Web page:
Obama’s Kenyan ancestry was noted throughout the course of his campaign. He was African American, we learned, not African American. He did not emerge “up from slavery” and thus he was presumably free from the ongoing wounding (as potential) that is the peculiar legacy of those Africans whose histories are directly embedded in U.S.-based slavery.
Indeed, in a moment of historical revisionism, one British newspaper claimed that Obama might redress the history of colonialism, a history in which his grandfather had been treated badly by the British. The article suggested that Obama’s relationship with England and the English might be more ambivalent than that of former, more anglophile presidents—anglophilia, we might remember, is one of the chief features of U.S. nativism, and is often a prophylactic against the ideas and ideals of multiculturalism and multiracialism. Of course, the idea that former U.S. presidents have been more anglophile is its own particular case of historical revisionism.
The distinction posed between an African and an African American heritage has at least two implications.
First, it effaces the notion of diaspora as a fabrication, a necessary historical weaving that has been going on since at least the mid-nineteenth century, and before, in works by Martin Delany, Edward Blyden, Alexander Crummell, Pauline Hopkins, and W.E.B. Du Bois. These works, and others written by African-born and based intellectuals, reach across seas and oceans to promote solidarity within the racial histories that produce blackness. Africans and African Americans embed themselves in and through each other (it’s more accurate to write of “the Americas,” because I’m thinking of Touissant L’Ouverture and the Haitian revolution as specific nodal points of contact).
And given the transformation of slave-holding properties in the Caribbean into colonies, it makes little historical or conceptual sense to posit any kind of absolute distinction between slavery and colonialism within black histories—a point René Maran, C.L.R. James, and Aimé Césaire emphasize in their respective critical and creative works.
By erasing the co-implication between Africa and the African Americas, commentators could ignore the histories of radical figures such as Marcus Garvey and Frantz Fanon, an erasure that continues today with the continual invocation of Abraham Lincoln. (And, here, the way that genealogy has been racialized and de-racinated, as presidential rather than blood-based, offers an intriguing lesson into the politics of presidential race-making.)
If, within one kind of cultural imaginary, disembedding Obama from the racial histories of the Americas serves one purpose, that of re-making him affectively—he’s not angry, bears no historical wounds directly attributable to U.S. histories—it also re-orients him in relation to the tropes available with which to speak of him. And here Kenya enters, albeit, a dramatically re-formed Kenya.
Obama does not simply become Kenyan, he becomes Luo. And he becomes an intriguing kind of Luo.
Those familiar with Kenyan histories know the truncated histories of Kenyan radicalism that privilege a Gikuyu Mau Mau—though its members were also drawn from other groups. Mau Mau is only the most famous instance of militarism in Kenya, not the only one. Less remarked upon is the equally important history of labor activism in Kenya that ran from at least the 1920s, when Kenya officially became a colony, through the eve of independence. If Mau Mau is “Gikuyu” in one imagination, the multi-ethnic labor radicalism is generally “Luo.” These quotation marks speak more to perception rather than reality.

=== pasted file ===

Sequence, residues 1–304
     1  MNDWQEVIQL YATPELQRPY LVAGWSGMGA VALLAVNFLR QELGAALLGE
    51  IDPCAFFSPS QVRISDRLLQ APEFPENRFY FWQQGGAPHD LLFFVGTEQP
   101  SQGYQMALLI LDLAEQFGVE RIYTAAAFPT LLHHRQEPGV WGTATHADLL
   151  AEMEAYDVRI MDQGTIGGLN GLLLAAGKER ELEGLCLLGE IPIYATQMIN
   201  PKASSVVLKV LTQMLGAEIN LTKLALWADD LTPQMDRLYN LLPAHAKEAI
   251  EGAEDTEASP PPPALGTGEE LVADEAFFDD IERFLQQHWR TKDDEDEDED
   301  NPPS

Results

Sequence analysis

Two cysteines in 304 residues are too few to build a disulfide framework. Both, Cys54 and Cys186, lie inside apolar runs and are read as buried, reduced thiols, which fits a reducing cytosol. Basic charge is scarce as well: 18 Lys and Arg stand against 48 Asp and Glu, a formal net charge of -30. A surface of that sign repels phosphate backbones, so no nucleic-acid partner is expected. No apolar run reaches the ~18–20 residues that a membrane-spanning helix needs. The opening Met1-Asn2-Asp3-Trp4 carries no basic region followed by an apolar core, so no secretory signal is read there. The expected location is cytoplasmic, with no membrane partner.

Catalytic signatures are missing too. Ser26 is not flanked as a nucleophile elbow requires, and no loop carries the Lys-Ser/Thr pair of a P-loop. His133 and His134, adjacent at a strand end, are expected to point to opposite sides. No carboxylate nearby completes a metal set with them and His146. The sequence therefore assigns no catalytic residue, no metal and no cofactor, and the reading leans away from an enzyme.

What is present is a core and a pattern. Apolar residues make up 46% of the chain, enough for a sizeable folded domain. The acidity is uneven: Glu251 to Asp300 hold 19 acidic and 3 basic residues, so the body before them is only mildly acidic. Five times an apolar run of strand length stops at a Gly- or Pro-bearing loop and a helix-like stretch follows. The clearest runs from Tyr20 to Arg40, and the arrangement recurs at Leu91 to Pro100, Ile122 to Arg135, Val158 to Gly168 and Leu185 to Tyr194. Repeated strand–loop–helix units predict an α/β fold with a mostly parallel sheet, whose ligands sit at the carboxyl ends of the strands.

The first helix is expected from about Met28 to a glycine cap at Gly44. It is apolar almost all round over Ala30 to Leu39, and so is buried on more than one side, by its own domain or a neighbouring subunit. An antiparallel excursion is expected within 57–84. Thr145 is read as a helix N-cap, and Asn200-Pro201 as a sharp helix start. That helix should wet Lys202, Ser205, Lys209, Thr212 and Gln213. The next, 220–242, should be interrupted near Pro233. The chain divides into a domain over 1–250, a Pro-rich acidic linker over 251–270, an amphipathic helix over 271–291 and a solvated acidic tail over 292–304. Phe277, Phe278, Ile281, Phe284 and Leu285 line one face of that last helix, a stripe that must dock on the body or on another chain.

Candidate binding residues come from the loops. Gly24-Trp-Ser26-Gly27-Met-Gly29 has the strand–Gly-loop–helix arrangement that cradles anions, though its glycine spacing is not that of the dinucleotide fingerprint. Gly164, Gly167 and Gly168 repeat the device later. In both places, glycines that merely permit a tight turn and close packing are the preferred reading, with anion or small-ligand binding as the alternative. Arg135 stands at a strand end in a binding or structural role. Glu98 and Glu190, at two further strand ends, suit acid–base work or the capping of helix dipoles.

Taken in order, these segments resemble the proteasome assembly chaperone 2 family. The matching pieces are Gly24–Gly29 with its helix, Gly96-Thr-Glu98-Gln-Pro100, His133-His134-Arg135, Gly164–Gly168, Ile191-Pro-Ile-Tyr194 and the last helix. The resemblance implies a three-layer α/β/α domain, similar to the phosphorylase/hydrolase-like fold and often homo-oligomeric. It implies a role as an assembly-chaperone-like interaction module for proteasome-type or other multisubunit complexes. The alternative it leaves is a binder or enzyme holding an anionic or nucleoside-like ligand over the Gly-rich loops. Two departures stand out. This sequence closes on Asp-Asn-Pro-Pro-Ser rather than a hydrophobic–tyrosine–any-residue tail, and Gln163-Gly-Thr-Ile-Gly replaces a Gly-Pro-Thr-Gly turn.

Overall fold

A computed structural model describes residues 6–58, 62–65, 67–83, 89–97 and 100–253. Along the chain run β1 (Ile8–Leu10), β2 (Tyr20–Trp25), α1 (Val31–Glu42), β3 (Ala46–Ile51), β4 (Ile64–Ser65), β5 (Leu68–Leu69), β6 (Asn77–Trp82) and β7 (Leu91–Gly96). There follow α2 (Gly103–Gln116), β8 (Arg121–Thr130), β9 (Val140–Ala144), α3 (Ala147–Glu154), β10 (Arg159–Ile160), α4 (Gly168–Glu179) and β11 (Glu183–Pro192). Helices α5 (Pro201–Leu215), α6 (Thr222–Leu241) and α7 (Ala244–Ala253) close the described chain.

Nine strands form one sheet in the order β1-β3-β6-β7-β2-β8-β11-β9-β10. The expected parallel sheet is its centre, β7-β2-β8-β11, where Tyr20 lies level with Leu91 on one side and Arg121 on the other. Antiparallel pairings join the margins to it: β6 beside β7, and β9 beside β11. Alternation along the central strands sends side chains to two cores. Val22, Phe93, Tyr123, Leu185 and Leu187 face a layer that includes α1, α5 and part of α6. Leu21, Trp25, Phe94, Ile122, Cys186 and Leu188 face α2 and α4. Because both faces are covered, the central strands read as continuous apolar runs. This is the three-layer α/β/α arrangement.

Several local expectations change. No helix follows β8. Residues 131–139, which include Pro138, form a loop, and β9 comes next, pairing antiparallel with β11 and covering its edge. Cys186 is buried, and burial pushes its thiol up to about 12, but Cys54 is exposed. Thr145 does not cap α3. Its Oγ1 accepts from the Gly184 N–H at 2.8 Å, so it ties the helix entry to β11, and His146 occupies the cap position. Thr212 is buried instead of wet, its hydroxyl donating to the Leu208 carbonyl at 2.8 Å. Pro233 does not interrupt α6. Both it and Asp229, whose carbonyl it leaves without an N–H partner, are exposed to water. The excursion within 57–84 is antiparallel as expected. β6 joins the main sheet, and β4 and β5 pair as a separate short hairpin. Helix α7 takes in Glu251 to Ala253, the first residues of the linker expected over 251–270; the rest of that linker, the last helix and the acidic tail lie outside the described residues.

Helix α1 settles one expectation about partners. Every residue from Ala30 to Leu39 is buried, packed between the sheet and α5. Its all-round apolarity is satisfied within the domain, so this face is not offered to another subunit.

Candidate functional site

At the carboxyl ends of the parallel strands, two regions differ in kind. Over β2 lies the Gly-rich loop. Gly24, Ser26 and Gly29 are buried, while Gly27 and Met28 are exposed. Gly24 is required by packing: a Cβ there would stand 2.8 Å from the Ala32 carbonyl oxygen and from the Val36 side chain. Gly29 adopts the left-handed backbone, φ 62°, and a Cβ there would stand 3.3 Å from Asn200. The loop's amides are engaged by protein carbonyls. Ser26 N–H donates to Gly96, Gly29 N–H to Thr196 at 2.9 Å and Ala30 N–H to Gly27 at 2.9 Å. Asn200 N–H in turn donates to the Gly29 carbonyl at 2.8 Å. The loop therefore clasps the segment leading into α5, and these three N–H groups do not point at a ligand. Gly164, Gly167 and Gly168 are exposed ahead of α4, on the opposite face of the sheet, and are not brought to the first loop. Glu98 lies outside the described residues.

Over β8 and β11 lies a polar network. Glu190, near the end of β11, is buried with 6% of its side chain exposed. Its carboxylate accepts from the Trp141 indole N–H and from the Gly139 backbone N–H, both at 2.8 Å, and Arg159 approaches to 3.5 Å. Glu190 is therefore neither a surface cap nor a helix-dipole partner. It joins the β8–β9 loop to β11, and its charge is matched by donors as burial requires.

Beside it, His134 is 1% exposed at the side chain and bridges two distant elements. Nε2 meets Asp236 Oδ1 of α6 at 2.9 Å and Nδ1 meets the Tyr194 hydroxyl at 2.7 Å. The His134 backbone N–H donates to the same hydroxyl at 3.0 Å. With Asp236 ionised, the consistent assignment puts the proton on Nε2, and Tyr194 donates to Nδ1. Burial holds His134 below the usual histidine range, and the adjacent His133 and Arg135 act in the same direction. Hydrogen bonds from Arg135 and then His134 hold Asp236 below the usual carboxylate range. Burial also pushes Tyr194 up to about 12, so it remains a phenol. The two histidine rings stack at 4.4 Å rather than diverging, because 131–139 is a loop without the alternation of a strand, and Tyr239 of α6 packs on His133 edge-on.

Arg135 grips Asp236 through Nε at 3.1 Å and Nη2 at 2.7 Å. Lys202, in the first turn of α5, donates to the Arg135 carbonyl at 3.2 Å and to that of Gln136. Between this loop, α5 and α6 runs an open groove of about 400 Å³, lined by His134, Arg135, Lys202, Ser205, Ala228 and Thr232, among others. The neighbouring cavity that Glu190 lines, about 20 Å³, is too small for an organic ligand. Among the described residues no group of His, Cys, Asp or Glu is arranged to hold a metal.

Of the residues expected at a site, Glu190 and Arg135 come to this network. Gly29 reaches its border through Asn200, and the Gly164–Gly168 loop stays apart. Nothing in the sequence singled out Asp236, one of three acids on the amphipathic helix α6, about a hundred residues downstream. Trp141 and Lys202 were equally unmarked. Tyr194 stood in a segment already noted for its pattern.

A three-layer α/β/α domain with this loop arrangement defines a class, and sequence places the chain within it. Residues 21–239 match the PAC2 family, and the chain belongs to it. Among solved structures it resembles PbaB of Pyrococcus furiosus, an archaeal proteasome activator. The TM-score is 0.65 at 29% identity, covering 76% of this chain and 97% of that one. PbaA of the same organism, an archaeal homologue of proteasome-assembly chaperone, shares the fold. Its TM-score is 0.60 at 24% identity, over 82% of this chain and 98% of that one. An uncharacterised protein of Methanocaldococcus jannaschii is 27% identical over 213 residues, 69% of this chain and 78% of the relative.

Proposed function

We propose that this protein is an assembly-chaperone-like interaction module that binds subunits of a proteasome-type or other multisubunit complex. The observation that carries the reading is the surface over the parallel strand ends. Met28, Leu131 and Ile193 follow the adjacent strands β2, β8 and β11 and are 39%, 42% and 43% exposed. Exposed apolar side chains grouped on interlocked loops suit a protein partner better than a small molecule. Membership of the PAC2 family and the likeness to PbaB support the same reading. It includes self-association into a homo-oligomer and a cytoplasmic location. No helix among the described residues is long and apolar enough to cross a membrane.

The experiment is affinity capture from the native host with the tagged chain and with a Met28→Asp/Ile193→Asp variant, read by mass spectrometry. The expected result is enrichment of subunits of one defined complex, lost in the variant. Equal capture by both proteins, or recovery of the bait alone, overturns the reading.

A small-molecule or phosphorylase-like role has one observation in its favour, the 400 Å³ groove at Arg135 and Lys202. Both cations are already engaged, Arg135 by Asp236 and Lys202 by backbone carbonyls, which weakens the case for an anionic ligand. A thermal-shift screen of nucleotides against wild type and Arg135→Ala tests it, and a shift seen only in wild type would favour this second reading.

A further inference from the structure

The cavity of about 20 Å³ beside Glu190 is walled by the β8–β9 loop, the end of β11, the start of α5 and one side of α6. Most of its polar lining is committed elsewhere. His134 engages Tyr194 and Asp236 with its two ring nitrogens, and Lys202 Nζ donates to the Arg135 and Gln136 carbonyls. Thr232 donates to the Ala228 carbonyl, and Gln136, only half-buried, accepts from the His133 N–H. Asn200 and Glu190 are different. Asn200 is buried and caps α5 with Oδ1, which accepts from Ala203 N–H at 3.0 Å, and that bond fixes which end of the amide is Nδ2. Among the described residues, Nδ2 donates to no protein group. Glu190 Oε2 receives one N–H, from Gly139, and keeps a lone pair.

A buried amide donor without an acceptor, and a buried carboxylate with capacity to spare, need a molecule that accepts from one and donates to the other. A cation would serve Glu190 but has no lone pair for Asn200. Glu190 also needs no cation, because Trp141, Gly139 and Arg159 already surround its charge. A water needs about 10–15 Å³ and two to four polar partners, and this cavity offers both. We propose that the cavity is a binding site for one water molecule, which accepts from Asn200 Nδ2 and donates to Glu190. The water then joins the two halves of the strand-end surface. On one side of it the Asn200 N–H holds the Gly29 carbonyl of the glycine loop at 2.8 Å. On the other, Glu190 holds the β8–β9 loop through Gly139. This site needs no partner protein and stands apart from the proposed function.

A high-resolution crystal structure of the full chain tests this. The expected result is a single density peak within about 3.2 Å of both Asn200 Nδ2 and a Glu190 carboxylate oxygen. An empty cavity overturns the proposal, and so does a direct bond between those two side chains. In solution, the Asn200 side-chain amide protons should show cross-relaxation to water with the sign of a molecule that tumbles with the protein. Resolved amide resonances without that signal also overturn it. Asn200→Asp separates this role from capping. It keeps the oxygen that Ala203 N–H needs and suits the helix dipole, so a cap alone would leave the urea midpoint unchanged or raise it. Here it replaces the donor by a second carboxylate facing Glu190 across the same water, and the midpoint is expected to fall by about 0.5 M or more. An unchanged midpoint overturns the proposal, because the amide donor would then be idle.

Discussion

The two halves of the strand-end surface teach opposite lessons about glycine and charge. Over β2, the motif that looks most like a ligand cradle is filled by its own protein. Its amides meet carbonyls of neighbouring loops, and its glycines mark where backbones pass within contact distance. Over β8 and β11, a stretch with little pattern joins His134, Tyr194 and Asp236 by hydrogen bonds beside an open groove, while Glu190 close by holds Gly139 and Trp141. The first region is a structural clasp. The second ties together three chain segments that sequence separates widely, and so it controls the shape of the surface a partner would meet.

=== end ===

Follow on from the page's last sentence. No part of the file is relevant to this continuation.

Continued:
Indeed, what is often termed Obama’s “Kenyan heritage” becomes a very U.S. story of overcoming the odds: his father is poor, pursues and receives a scholarship to the States, challenges color codes by marrying a white woman, and then fades from the picture, leaving a single mother to raise her son. What is specific about his father, about Luo-ness, about Kenyan-ness, fades to black, only to crop up in Obama’s trip to Kenya, where his remarks about race and the country read as little more than tourist jottings.
Obama’s Kenyan history becomes a floating signifier: distancing him from U.S. histories of wounding and activism but also distancing him from Kenyan histories of wounding and activism. In fact, I would argue, it becomes aesthetic, like a beauty mark that provides him with distinction.
But this is not all.
In disembedding Obama, commentators simultaneously make him available for other tropic readings.
Tropes are historically created sediments that remain possible within the waters of history. Like sediments in a river, they sink to the bottom, waiting to be re-agitated by the movement of history. When disturbed, they re-color the waters of history.
In recent (often conservative, but not always) comments on Obama, it has been striking to see how much he is “Africanized,” though that might not always be the term used. Like other African leaders, he has “gone back on his word,” does “shady things,” acts in a manner “inconsistent with U.S. values.”
While I have suggested, elsewhere, that we should look to the rhetoric of Reconstruction to see where these tropes emerge, I am increasingly convinced that we also need to look toward Africa. Disembedded from U.S. histories of race, Obama can only signify an ambiguous blackness, and the Africa about which much still remains unknown—except in happy tourist fashion or devastated NGO fashion—provides an impoverished set of tropes through which to imagine him.
It is striking, then, that the Kenya Boys Choir chose to sing “Jambo Bwana” for Obama’s inauguration, perhaps the closest we come to minstrelsy in Kenya. Kenya, the song fantasizes, is tourist Kenya, a disneyfied Kenya without trouble, “Hakuna Matata.” It is a Kenya that lives outside history, sanitized from what Toni Morrison might term “eruptions of funk.”
And Obama is its product.